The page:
When implementing IFPR in January 2022, the FCA renamed and moved the definition of "Significant IFPRU firm", used as part of the criteria for identifying Enhanced Firms under SMCR. Subsequently, various firms have raised concerns to the FCA that the new definition of a "Significant SYSC firm" could result in more firms being brought under enhanced scope than was the case under the previous definition.
The FCA plans to consult and make necessary changes to clarify that only firms that would have been significant IFPRU firms and IFPRU investment firms under the pre-IFPR arrangements should now fall under the new "Significant SYSC firm" definition.
On 16 August 2022, the FCA published its statement encouraging market participants to continue the transition of LIBOR-linked bonds. It is strongly encouraged that issuers of the remaining LIBOR-linked bonds (or those that may have a future LIBOR-linked dependency) issued under English or other non-US laws that enabled consent solicitation, to schedule consent solicitation processes for conversion to fair alternative rates. The relevant risk-free rate and agreed spreads have been used successfully in consent solicitation exercises to date. It is noted that the responsibility for initiating this process sits with the bond issuer.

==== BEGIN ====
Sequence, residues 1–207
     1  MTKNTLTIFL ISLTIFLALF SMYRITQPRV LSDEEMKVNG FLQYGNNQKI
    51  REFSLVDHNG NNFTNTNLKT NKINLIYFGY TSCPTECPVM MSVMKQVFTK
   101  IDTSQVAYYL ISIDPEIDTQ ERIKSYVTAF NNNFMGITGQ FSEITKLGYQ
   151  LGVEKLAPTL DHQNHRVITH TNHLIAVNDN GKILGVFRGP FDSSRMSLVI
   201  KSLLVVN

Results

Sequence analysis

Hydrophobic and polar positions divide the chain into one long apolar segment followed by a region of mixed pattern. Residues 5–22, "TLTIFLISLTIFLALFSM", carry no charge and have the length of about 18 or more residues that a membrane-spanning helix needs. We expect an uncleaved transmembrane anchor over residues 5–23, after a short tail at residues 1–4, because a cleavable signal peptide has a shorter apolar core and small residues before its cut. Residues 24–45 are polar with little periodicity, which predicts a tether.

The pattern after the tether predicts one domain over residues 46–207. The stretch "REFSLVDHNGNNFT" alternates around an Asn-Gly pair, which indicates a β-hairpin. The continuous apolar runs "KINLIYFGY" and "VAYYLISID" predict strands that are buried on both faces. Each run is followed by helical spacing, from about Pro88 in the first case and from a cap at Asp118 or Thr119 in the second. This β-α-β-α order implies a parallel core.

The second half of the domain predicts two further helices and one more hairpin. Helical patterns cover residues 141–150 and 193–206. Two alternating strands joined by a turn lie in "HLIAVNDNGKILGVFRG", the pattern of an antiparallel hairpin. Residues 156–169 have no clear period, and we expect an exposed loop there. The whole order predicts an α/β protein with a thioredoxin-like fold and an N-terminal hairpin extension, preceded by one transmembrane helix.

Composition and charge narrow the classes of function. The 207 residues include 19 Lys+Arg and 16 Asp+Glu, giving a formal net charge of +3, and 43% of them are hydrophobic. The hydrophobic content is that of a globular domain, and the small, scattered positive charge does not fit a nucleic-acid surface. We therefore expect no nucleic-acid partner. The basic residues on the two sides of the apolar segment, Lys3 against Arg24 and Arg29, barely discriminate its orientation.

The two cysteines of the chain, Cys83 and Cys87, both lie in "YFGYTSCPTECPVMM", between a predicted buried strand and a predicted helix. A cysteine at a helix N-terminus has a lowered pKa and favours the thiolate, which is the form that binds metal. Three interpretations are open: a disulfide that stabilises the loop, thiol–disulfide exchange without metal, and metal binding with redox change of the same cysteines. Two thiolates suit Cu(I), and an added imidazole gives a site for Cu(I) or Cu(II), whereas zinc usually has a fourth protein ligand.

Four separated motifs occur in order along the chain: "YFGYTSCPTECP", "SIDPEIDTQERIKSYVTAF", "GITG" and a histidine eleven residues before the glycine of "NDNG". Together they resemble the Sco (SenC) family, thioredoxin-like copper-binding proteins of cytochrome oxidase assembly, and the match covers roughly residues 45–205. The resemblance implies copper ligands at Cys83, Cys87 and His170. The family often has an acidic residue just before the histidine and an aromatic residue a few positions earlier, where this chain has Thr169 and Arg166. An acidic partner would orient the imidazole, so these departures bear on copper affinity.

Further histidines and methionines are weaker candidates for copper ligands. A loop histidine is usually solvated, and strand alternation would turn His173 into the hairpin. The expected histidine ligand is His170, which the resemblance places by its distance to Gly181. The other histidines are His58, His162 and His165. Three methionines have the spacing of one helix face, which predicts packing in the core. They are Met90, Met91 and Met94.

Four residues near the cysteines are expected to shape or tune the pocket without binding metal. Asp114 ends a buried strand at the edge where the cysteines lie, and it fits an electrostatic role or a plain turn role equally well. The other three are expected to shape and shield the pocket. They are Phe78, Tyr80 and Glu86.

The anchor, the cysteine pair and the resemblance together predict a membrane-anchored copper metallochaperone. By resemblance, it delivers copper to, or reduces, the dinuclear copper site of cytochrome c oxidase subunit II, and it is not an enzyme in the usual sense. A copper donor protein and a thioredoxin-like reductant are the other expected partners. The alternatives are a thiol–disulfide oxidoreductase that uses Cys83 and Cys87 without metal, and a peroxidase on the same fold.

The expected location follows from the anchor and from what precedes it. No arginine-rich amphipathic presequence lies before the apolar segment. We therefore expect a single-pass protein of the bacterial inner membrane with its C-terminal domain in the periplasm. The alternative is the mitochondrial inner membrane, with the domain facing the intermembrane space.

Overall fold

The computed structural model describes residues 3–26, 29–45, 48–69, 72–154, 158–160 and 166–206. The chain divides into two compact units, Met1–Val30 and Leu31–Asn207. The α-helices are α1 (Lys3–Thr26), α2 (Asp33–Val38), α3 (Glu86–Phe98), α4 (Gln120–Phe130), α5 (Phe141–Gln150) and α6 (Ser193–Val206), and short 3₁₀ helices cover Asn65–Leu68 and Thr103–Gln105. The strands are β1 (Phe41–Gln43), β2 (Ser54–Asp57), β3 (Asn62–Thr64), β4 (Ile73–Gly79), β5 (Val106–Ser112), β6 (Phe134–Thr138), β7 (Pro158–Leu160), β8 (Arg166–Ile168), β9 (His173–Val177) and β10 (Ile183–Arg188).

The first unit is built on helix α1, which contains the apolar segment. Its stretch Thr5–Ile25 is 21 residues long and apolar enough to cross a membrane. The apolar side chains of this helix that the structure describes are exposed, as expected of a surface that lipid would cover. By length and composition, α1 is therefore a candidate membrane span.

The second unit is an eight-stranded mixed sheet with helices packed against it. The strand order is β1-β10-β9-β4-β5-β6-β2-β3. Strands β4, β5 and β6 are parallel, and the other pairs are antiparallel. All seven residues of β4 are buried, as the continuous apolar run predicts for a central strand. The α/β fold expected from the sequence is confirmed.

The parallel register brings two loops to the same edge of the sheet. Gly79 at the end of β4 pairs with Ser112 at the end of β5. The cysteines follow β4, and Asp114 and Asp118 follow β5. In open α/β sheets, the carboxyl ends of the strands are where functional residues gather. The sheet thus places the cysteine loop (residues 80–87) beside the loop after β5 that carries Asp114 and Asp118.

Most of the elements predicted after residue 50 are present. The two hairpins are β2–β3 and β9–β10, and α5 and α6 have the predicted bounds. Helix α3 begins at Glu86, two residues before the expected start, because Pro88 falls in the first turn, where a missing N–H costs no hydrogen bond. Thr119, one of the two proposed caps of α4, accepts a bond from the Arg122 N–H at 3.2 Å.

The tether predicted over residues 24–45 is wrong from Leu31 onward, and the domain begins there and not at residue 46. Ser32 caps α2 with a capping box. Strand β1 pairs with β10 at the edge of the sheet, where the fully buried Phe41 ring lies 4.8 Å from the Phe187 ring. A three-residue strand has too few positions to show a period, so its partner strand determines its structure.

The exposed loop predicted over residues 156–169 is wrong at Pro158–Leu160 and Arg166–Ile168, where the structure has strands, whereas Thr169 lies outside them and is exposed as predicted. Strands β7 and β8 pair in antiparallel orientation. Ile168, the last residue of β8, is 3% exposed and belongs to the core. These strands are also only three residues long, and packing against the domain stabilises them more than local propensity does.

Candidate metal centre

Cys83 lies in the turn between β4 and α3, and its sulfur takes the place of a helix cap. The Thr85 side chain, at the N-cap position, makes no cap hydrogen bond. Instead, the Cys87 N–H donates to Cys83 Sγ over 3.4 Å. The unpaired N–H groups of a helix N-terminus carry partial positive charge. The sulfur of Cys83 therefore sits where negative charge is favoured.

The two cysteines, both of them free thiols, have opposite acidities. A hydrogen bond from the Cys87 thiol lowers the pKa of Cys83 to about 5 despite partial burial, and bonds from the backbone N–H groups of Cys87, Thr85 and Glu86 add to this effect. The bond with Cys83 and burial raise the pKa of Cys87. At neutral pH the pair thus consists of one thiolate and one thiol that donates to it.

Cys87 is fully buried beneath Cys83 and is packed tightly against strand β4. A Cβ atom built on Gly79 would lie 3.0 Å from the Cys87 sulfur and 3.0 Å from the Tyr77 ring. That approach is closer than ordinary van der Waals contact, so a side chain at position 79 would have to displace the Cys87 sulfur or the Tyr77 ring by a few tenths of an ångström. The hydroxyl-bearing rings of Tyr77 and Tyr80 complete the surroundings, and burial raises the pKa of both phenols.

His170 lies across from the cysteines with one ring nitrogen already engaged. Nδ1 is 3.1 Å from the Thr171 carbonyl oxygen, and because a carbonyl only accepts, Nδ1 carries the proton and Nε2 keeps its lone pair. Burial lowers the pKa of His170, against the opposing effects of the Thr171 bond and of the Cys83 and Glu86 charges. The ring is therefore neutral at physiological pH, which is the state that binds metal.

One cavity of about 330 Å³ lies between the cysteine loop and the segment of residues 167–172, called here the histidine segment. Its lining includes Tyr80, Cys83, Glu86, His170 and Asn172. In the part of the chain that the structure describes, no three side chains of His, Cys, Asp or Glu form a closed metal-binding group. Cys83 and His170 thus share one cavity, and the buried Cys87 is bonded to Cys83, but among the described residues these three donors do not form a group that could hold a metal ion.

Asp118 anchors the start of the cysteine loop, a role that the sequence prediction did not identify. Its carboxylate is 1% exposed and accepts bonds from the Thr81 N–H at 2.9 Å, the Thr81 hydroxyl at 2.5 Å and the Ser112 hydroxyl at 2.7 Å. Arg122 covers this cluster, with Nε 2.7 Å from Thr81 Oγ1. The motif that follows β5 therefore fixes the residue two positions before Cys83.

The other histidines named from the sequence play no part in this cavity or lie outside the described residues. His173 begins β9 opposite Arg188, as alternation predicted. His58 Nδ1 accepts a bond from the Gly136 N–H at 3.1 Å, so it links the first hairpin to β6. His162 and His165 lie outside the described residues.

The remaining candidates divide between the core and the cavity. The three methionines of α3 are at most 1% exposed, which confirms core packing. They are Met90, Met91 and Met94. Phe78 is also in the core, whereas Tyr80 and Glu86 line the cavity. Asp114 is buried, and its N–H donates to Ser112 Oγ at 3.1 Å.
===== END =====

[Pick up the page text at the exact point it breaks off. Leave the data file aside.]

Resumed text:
It is also encouraged that holders of bonds without robust fallbacks or other mechanisms to remove reliance on LIBOR engage with the relevant issuer(s) or agent(s) and request initiation of the conversion process.
On 10 August 2022, ESMA published the memorandum of understanding (MoU) that it has entered into with South Africa's Financial Sector Conduct Authority (FSCA), Prudential Authority and the South African Reserve Bank regarding central counterparties (CCPs) established in South Africa. The cooperation agreements between the authorities are set out in the MoU with regards to the CCPs established in South Africa that have applied to ESMA for recognition under Article 25 of EMIR.
The MoU also aims to provide sufficient tools to ESMA to monitor ongoing compliance of the CCPs. This agreement will be effective from the date of signing by the authorities.
On 4 August 2022, EMSA updated its Q&As on the implementation of Regulation (EU) No 909/2014 (CSDR) on improving securities settlement in the EU and on central securities depositories. The updates include:
On 9 August 2022, the FCA published a portfolio letter on its alternatives supervisory strategy. The FCA acknowledges that since the 2020 portfolio letter, several significant events (such as COVID-19, Brexit, and the cessation of LIBOR) have impacted the asset management industry. Whilst the market has been generally resilient, these affected the work the FCA focused on, and therefore several priorities remain consistent with the 2020 priorities. Among other things, the portfolio letter notes that:
Firms within this portfolio should discuss with their board or executive committee and consider areas the firm and its assurance functions should focus on.